Respiration modulates oscillatory neural network activity at rest
Daniel S. Kluger, Joachim Gross
Received Date: 2nd May 20
Despite recent advances in understanding how respiration affects neural signalling to influence perception, cognition, and behaviour, it is yet unclear to what extent breathing modulates brain oscillations at rest. We acquired respiration and resting state magnetoencephalography (MEG) data from human participants to investigate if, where, and how respiration cyclically modulates oscillatory amplitudes (2 - 150 Hz). Using measures of phase-amplitude coupling, we show respiration-modulated brain oscillations (RMBOs) across all major frequency bands. Sources of these modulations spanned a widespread network of cortical and subcortical brain areas which formed clusters with distinct spectro-temporal modulation profiles. Globally, gamma modulation increased with distance to the head centre, whereas delta and theta modulation decreased with height in the sagittal plane. Overall, we provide the first comprehensive mapping of RMBOs across the entire brain, highlighting respiration-brain coupling as a fundamental mechanism to shape neural processing within canonical resting-state and respiratory control networks.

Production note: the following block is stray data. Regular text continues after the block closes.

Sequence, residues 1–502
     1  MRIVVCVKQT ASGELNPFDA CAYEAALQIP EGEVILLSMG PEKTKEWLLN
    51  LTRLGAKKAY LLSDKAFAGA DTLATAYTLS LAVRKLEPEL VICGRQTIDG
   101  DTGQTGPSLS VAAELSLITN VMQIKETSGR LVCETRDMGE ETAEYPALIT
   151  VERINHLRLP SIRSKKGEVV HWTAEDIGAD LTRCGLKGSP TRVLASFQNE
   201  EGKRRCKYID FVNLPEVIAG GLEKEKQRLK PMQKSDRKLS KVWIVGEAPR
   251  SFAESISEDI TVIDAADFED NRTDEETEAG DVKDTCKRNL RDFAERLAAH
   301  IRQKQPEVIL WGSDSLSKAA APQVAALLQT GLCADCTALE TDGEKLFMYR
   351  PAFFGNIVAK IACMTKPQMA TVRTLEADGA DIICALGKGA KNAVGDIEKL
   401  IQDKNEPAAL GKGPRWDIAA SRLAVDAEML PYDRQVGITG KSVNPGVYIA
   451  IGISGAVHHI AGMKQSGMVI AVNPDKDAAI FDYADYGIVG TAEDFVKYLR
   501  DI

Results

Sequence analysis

Read in full at bioRxiv.
This is an abstract of a preprint hosted on an independent third party site. It has not been peer reviewed but is currently under consideration at Nature Communications.